Special Report Matchbacks
By Terrell Sellix
A matchback is the process of matching order records back to mailing-tape records to determine the actual source of those orders. Matchbacks have been used for years on a limited basis to try to pinpoint the source of unknown orders: typically 5 percent to 20 percent of orders. With the advent of the Web and the increase in multichannel marketing, understanding where your orders and customers are coming from has become harder to learn — and yet more critical to know — than ever.
The shift has brought matchbacks into the limelight of customer order-tracking and results analysis. This Special Report will outline for you:
- how multichannel marketers are using matchback techniques today;
- steps to take to perform expert matchbacks; and
- techniques and tools to get matchbacks done in a way that's best for you.
Eight Lessons You Can Learn From a Matchback
As a direct marketer, you have the advantage of measuring your successes (and unfortunately sometimes your mistakes) in ways that general advertising cannot. You meticulously test, code, track and analyze the results of your prospecting efforts. Such tactics have generated accurate metrics that helped guide you in meaningful directions. At least until recently.
Today, knowing from where your orders and customers hail has become increasingly difficult. It's the rare direct marketer who can survive in a single marketing channel, and most have at least two channels: catalog and Internet. Add retail locations, special mailings and opt-in e-mail campaigns, and the task of tracking sales and allocating marketing dollars has become even more challenging.
That's why the topic of matchbacks has been such a hot one in recent years. Simply stated, matchbacks have brought back your ability to connect marketing dollars with marketing results. Or in the case of larger companies with additional marketing channels (e.g., brick and mortar stores), sophisticated solutions have, for the first time, enabled the connection of non-direct revenue with direct-selling channels. This connection gives you the unprecedented ability to effectively allocate resources across channels.
Most matchback reports aren't any different from normal keycode results reporting. They match orders with no keycode to names from the mail tapes whose keycodes you can identify. Once the name is identified, the appropriate keycode can be assigned to each previously unknown order source, and overall results for that list can be analyzed. See Simplified Matchback Report.
|Pre-matchback Sales||Unknown Sales Matched Back to Code||Total Sales Allocated to Source|
|House list A||$4,000||$1,400||$5,400|
|Prospect list B||$2,271||$455||$2,726|
|Prospect list C||$1,906||$1,100||$3,006|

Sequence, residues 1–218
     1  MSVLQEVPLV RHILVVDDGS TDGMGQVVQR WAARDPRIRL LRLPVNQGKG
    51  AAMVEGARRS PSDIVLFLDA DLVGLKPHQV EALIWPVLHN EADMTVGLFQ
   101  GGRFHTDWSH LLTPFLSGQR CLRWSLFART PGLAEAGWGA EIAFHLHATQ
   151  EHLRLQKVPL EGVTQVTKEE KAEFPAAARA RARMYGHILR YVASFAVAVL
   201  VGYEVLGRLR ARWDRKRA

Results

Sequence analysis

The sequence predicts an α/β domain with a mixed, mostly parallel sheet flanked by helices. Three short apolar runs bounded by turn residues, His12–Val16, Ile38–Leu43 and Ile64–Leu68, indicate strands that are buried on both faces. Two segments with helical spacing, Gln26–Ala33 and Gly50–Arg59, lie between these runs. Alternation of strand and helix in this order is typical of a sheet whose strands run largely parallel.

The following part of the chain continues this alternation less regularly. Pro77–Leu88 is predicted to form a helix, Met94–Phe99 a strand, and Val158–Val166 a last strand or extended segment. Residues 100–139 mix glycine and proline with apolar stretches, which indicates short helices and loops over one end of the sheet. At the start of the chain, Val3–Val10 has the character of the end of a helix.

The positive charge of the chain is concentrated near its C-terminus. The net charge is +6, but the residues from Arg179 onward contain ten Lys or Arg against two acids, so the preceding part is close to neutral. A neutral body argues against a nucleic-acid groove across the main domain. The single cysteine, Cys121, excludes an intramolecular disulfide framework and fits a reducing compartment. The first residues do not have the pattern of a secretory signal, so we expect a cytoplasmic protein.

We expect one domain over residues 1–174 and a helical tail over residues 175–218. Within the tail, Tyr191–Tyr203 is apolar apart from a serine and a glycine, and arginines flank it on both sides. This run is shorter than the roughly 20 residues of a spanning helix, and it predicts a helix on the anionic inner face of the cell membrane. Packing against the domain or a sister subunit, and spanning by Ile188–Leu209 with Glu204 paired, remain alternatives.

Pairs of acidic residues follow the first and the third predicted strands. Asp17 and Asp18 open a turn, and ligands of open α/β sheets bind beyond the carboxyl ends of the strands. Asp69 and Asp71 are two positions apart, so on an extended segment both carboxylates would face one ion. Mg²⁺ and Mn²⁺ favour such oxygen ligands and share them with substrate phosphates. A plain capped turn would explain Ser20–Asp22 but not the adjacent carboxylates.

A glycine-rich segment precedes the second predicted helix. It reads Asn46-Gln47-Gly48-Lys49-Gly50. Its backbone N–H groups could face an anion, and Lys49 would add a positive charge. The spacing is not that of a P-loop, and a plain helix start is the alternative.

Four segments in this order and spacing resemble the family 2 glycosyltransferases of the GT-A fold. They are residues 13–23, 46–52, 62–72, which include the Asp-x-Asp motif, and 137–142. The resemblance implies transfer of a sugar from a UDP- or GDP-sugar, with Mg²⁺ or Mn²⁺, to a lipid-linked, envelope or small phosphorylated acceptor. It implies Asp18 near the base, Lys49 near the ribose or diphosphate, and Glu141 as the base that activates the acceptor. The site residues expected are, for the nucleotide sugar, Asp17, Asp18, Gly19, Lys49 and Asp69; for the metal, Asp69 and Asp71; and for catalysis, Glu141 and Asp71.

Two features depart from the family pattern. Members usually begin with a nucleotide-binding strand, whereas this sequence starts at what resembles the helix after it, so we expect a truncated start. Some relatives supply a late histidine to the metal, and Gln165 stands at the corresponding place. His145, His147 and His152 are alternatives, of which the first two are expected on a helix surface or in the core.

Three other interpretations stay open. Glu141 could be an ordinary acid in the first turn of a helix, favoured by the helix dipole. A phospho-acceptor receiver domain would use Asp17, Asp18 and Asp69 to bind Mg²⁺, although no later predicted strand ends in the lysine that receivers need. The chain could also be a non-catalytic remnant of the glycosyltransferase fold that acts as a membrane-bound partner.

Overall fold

Prior to the matchback, 31.4 percent of this merchant's sales were from unknown sources. After the matchback, the proportion of unknown sales was reduced to 6.7 percent. This cataloger now can make informed decisions about where to allocate funds by looking at the detailed keycode results available.
Here's what you can learn from looking at your matchback results.
1. Appropriate resource allocation by channel. When the Internet first took off, many companies thought customers eventually would stop ordering from the printed catalog and move exclusively to online ordering. And at first it appeared that the trend just might go that way as Web sales began to comprise 10 percent, then 20 percent, even 40 percent or more of total sales.
However, matchbacks have provided the proof that many catalogers needed to justify resource allocation to their marketing programs, as they show Web sales correspond directly to mailed catalogs. It's accepted now that for companies that mail a printed catalog, typically 80 percent of their Web demand is generated by their catalog mailings. One has only to look at order curves on online channels to see that online order activity peaks around catalog in-home dates.
2. Statistical significance of your results. Did you receive enough responses to statistically prove that a result isn't an anomaly but rather is representative of a pattern? Catalogers usually prefer to see at least 50 responses (orders) for a given group to say those responses are statistically significant. By performing a matchback, you increase the likelihood that groups will reach that minimum 50 responses, thereby enabling you to conclude statistically significant response patterns for each group.
3. List-rental results. Perhaps the most common reaction we get after performing a matchback for our catalog clients is: "Wow, I was going to omit that list from future mailings. It turns out instead that it's one of my top-performing lists." Matchbacks help you zero in on the best, most profitable lists.